Please, queer the movies

superman_gayb1For the last few weeks, I have been passing movie theaters advertising Before Midnight, the third in the series of talky romances starring Ethan Hawke and Julie Delpy. I’ve heard that it’s fantastic, the best of the three; and the other two are considered minor classics. But I didn’t go. I am so sick of having to wait three or four years between serviceable, let alone good, movies about gay relationships, and I am also sick of never seeing gay characters, plots, or even subplots in Hollywood features, just punch-lines or sight gags (like half the jokes in This Is the End) or blink-and-you-miss-it Easter eggs (like Catwoman’s line-less, barely there girlfriend in The Dark Knight Rises). TV has a long way to go, too, but there are rich, interesting LGBT characters everywhere on the small screen, on the networks and on cable. But Hollywood seems terrified of queerness in the movies, and I don’t know why.

Maybe they think it would have doomed Now You See Me in, say, China or Russia if one of the magicians or FBI agents were bisexual, or if one of the super soldiers in G.I. Joe: Retaliation had been a lesbian. I’ve imagined many ways movies like these could be queered – especially when I’m bored at the movies, or when I’m writing a negative reviews, or when I’m watching a movie and I feel a little bit alone and I don’t know why until I realize it’s because no one like me is on the screen. So, this Pride week, I thought I’d offer ten ways that this year’s films would have been more fun if they were a bit more gay.

The Great Gatsby. There’s a good deal of gay subtext in Fitzgerald’s novel, but Luhrmann could have made it text: invited gay guests to the parties, made Nick “I’m gaga for Gatsby” Caraway the queer he clearly is, and ramped up the lesbianism of Jordan. She’s a pro golfer, for Pete’s sake.

Gangster Squad. Since nothing about this movie that is “based on a true story” is remotely true, making one – or two! – of the Depression Era anti-gang cops members a homosexual would have been easy. And if it bad been Ryan Gosling’s character, it would have been a big bonus.

Man of Steel. In one notorious screenplay for Superman Returns written by JJ Abrams, Jimmy Olson was gay. Homophobic fanboys freaked, and it never happened. And in Man of Steel, he doesn’t exist. How awesome would it be if Jimmy was gay, Superman was his best straight friend, and Lois his hag?

Iron Man 3. Considering how irritating Tony Stark is, I’m not sure what Pepper Potts sees in him. That said, how fun would it have been if she had taken up with a woman – perhaps the one played by Rebecca Hall – after it seems as if Ironman has been blown to bits?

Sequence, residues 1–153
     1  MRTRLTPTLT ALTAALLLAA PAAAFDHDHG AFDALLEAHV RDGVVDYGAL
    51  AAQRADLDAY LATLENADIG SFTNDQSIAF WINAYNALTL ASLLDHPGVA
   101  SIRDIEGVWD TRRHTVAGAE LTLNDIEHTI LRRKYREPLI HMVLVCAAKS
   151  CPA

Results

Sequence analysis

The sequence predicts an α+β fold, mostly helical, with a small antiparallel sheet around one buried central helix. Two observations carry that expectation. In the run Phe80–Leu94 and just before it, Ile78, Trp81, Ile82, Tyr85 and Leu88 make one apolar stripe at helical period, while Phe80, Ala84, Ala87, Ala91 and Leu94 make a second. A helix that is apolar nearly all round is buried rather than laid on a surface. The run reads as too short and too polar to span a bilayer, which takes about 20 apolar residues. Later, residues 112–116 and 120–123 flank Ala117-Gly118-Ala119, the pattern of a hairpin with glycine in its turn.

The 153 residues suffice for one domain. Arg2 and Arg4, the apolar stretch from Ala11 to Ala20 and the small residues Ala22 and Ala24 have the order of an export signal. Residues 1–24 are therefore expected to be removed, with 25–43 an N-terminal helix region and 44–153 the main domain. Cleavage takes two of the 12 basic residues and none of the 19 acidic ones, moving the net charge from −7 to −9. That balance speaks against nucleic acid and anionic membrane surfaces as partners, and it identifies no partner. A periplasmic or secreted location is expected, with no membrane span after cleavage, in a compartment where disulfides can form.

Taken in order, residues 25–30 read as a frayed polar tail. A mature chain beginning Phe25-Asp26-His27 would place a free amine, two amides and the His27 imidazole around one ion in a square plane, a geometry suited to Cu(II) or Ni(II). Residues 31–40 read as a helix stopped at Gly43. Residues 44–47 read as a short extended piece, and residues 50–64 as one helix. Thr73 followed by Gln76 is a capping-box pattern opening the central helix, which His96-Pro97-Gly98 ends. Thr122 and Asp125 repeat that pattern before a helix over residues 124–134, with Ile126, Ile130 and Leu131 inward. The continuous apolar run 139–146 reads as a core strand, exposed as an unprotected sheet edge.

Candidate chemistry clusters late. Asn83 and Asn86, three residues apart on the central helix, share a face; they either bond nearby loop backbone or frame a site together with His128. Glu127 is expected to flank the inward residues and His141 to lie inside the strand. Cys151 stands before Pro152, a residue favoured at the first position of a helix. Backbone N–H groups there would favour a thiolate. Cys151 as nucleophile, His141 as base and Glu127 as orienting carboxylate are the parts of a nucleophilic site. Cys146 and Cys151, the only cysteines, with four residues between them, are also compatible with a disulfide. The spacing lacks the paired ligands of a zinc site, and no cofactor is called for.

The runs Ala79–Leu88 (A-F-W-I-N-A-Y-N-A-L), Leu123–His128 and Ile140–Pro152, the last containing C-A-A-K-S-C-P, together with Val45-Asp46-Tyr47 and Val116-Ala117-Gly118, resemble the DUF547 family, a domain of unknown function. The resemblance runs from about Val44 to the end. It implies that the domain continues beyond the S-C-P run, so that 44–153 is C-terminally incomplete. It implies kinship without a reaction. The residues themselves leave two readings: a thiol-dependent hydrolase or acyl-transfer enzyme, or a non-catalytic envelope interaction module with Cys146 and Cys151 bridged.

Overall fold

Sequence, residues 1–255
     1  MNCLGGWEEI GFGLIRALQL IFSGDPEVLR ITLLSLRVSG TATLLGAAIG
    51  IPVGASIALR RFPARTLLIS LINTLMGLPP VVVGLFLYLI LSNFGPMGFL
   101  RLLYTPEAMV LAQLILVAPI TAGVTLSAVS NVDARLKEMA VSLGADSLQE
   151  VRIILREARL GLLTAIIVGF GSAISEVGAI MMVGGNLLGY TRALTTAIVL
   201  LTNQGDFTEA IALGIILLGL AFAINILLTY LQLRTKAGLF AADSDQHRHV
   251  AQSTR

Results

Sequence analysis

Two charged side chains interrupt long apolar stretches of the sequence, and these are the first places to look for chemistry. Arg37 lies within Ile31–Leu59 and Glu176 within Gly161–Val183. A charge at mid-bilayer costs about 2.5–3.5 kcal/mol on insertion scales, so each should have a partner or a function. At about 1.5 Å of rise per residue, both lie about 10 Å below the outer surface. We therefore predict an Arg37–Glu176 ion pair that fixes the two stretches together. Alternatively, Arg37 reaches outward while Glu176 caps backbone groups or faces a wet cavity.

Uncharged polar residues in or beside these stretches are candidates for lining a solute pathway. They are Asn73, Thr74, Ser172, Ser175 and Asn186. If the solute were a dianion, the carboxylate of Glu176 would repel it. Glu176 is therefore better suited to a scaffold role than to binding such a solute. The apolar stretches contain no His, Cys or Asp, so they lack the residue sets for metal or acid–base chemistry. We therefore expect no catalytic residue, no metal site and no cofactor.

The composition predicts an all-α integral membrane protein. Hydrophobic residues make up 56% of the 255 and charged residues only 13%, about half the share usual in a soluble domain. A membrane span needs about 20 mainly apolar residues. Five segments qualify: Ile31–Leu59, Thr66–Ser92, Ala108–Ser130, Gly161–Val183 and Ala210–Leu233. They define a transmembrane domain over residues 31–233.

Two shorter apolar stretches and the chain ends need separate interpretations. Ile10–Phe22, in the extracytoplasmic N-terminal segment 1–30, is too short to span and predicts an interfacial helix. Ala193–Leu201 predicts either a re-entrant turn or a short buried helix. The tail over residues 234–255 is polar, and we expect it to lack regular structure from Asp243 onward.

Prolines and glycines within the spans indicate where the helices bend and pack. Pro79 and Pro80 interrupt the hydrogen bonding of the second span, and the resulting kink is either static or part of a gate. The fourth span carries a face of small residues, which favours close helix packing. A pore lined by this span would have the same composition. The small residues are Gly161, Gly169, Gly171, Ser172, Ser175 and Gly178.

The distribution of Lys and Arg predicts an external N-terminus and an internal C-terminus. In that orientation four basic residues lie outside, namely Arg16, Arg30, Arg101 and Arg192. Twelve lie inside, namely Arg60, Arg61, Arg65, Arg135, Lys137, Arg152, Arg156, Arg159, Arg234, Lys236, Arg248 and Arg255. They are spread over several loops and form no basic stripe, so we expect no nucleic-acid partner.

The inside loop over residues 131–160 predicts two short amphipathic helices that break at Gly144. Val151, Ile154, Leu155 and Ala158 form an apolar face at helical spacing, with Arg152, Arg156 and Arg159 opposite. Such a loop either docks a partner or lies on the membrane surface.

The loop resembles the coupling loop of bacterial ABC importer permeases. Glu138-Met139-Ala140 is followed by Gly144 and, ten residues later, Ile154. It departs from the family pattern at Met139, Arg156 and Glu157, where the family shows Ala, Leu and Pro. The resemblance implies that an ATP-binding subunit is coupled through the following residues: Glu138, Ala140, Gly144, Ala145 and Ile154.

This Is the End. Considering how many jokes are made about James Franco enjoying putting penises in his mouth, a truly awesome writer would have given James Franco a monologue about how much he likes to have sex with men and how pathetic his homophobic friends are.

World War Z. The Israeli soldier who hangs out with Brad Pitt for half of the movie seems rather butch, but the filmmakers did nothing with it. Other than keep her head shaved. They should have given her a wife lost during a zombie rampage in Tel Aviv.

Oz the Great and Powerful. I’m not sure why Finley, the winged monkey in a bell boy’s uniform who becomes Oz’s sidekick, wasn’t written as gay, because as voiced by Zach Braff, that would have been a hoot. Or a howl. Or something like that. Even better, if the China doll had been a boy and been Finley’s love interest.

Fast & Furious 6. It would have been awesome as a porn about six buff guys with premature ejaculation problems.

Star Trek Into Darkness. In the future, racism and speciesism seem to have been evolved out the people of earth. Maybe homosexuality and transgenderism has, too? I think it would be a great tribute to George Takei if Sulu was gay, fierce, and hooking up with a Vulcan FTM.

Warm Bodies. R, a zombie, and Julie, a living person, are star-crossed lovers, and that’s about as faithful to Romeo & Juliet the movie is. Why not go further? Giving M, R’s best zombie friend, a male lust object would have been delightful, as would have making Nora the Nurse as lusty lesbian. Or anything. I’m pretty sure that, even after a zombie apocalypse, some of the queers will survive.

One response to this post.

  1. Dad says:

    Have fun writing this? Well, I guess! I’ve seen none of these films, they just don’t get to rural Maine, but that takes nothing away from the imagination on full display.

    (Should you be giving this stuff away for free? Don’t studios pay handsomely for just this kind of advice? Start a consulting firm . . .)

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